[SLIDESHOW=39395,39396,39397,39398]JOHANNESBURG (BP) — Ebola has struck fear in many Americans considering mission trips to the continent of Africa within the last few months. Many churches are cancelling trips, even to countries not affected by the disease, Southern Baptist mission workers report. Only a few congregations continue to push forward with sharing the Gospel there.
After the media’s heightened coverage of the Ebola outbreak reached a fever pitch last fall, all of the International Mission Board’s training events for churches engaging people groups in Sub-Saharan Africa were cancelled due to lack of participation.
But for some churches the needs in Africa — particularly in West Africa — are too great.
The Camp of Faith Church in Stephensville, Va., sent a mission team to West Africa in late November. Several church members traveled to Guinea-Bissau, which is less than 400 miles from Guinea, where the Ebola outbreak started.
Team member Martha Strayer said, “There was never any doubt from the elders that they would go; however, the decision was not flippant.” They sent their team with no regrets, she noted.
“If I get sick and die, I know where I am going,” said Strayer, recognizing those who have not yet heard the Gospel. “… We have to be willing to die. I hope what I’m doing is worthy enough to die for the name of Jesus. If it’s not I shouldn’t be doing it.”
The Moriah Baptist Association, located in South Carolina, also sent a team to West Africa in November. The team, which traveled to Senegal, drew some scrutiny from their community and churches.
“There were a lot of people being very negative and talking about how it was selfish of us to go because we’d bring Ebola back and put them in danger,” said Dabney Trammell from Immanuel Baptist Church in Lancaster, S.C.
Team members were told by the companies they worked for that if they went to West Africa they would be quarantined.
Even Trammell’s children faced challenges because their mother planned to join the mission trip. The school said they would quarantine her children if she came home.
“[Opposition] was difficult at first,” Trammell said, “but then you just realize you have to follow God’s plan. I’m very glad I came and I’m very glad we proved to [the Senegalese] people that we love them despite what the world is saying about Ebola.”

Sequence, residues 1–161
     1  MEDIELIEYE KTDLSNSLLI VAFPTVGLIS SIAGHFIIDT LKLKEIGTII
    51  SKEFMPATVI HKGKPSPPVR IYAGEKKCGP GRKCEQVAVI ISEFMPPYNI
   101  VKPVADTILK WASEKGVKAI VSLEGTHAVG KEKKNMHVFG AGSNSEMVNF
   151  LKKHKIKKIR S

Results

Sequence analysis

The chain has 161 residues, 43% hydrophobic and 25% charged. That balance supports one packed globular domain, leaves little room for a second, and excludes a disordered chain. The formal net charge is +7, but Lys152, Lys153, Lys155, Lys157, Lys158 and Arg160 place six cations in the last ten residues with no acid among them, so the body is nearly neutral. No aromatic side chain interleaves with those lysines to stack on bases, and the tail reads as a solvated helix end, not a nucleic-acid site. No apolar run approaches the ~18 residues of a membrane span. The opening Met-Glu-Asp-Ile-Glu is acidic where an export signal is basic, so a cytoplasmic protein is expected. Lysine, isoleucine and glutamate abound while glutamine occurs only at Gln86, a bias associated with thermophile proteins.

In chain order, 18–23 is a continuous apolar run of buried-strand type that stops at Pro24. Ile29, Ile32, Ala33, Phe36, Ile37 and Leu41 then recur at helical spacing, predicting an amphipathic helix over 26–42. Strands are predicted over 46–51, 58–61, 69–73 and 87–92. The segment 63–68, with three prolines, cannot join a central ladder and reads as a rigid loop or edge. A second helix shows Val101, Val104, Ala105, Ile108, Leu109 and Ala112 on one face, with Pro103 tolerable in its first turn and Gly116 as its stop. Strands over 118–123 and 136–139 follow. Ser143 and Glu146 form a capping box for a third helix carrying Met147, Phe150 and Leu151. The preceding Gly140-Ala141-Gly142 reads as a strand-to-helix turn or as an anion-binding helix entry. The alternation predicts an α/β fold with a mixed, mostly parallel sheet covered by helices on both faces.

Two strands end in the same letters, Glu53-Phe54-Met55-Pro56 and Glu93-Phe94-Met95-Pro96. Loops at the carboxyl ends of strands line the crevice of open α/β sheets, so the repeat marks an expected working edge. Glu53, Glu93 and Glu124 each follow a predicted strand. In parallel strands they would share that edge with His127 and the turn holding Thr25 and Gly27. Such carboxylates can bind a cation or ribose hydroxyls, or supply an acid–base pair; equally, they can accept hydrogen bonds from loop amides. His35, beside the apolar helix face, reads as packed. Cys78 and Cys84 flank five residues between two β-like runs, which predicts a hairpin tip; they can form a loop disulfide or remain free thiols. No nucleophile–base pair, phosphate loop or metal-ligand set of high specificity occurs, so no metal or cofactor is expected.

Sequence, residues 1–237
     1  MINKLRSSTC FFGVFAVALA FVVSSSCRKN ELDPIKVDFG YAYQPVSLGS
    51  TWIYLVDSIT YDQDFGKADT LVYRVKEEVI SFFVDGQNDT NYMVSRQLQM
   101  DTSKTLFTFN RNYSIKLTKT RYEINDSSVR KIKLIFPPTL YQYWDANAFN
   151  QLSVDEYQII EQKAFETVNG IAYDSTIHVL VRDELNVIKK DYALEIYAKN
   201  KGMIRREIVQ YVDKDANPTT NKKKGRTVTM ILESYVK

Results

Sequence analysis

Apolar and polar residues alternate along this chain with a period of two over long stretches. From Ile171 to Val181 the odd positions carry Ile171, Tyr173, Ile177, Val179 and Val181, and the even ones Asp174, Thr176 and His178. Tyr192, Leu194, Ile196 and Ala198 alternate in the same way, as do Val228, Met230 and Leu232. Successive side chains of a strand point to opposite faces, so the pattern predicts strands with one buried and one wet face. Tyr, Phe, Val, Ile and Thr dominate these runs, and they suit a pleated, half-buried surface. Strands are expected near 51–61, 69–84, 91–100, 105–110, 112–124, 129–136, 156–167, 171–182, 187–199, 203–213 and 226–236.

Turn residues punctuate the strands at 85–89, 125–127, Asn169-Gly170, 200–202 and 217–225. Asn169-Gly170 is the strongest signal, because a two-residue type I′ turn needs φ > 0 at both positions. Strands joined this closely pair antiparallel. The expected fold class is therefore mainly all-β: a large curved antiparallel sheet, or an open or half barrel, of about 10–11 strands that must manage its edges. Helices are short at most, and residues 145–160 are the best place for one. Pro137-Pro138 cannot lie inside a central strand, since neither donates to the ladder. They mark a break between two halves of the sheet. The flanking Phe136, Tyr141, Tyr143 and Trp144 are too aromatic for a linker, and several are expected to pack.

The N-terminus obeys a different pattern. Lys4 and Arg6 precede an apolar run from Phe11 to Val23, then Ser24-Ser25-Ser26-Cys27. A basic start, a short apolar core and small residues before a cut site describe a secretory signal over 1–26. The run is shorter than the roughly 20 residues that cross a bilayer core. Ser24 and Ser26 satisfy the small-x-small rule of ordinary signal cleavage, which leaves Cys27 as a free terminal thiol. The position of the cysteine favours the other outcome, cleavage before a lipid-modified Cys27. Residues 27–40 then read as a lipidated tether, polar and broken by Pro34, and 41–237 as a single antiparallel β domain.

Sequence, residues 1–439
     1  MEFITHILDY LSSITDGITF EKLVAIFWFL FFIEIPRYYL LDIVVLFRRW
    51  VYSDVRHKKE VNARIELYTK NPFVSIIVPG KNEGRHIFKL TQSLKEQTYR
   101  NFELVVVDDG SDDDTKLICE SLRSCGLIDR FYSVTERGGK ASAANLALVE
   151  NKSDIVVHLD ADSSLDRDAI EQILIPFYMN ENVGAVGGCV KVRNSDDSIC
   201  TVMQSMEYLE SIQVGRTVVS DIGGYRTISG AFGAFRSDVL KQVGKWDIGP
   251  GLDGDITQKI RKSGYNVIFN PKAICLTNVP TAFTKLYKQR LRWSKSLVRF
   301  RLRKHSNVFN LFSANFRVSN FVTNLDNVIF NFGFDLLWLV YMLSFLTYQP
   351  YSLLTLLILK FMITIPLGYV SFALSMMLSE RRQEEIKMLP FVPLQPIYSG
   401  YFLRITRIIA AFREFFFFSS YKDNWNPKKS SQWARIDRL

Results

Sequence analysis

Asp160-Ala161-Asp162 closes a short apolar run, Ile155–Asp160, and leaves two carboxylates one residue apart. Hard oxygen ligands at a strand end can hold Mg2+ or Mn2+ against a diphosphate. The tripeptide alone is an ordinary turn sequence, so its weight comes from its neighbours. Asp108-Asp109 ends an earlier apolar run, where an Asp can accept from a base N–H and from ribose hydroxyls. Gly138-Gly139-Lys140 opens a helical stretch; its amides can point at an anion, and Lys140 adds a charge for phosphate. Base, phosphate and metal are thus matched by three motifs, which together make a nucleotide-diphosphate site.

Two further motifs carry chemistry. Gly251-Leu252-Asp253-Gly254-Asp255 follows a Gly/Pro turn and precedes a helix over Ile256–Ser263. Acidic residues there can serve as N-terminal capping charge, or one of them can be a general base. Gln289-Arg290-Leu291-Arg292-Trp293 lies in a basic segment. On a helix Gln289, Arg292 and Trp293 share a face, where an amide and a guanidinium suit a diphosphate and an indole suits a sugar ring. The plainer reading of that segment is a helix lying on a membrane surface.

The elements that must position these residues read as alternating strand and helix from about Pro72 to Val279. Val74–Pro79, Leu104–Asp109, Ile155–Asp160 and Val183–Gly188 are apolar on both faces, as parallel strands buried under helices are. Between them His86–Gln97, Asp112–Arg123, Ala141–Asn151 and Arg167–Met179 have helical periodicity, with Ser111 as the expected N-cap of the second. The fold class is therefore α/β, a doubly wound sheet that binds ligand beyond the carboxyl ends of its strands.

First Baptist Church of Arnold, Mo., decided that while they could not visit Liberia due to the Ebola outbreak, they could still reach out to their Liberian people group within the United States.
FBC Arnold partnered with FBC Aurora, in Denver, Colo., to work with some Liberian refugees in Denver.
“We recognize that in addition to going to the nations that God is also bringing the nations to our communities,” Jim Nichols, who participated in the mission trip to Denver, said.
The team spent time with refugees so they might record Bible stories to share in Liberia. Nichols worked with Dennis Aggrey, a Liberian pastor and translator who allowed him to connect with more Liberians.
An IMB missionary, who trains churches to minister in sub-Saharan Africa, said fear is often “based on a frantic feeling about something that ‘could’ happen, but not on fact; not on Jesus. Faith and fear cannot co-exist.”
IMB submitted the following prayer requests.
— Pray for churches that are sending out mission teams to West Africa.
— Pray for discernment of churches considering mission trips to West Africa, that they would not let fear drive their decisions.
— Pray for the believers in Ebola-affected areas, that they would continue to share boldly.
— Prayerfully consider reaching out to West Africans in the United States.
For more information on prevention and education projects coordinated by IMB’s ministry partner Baptist Global Response, go to www.gobgr.org/ebola.
The vast majority of Africa is untouched by Ebola. Get the facts here: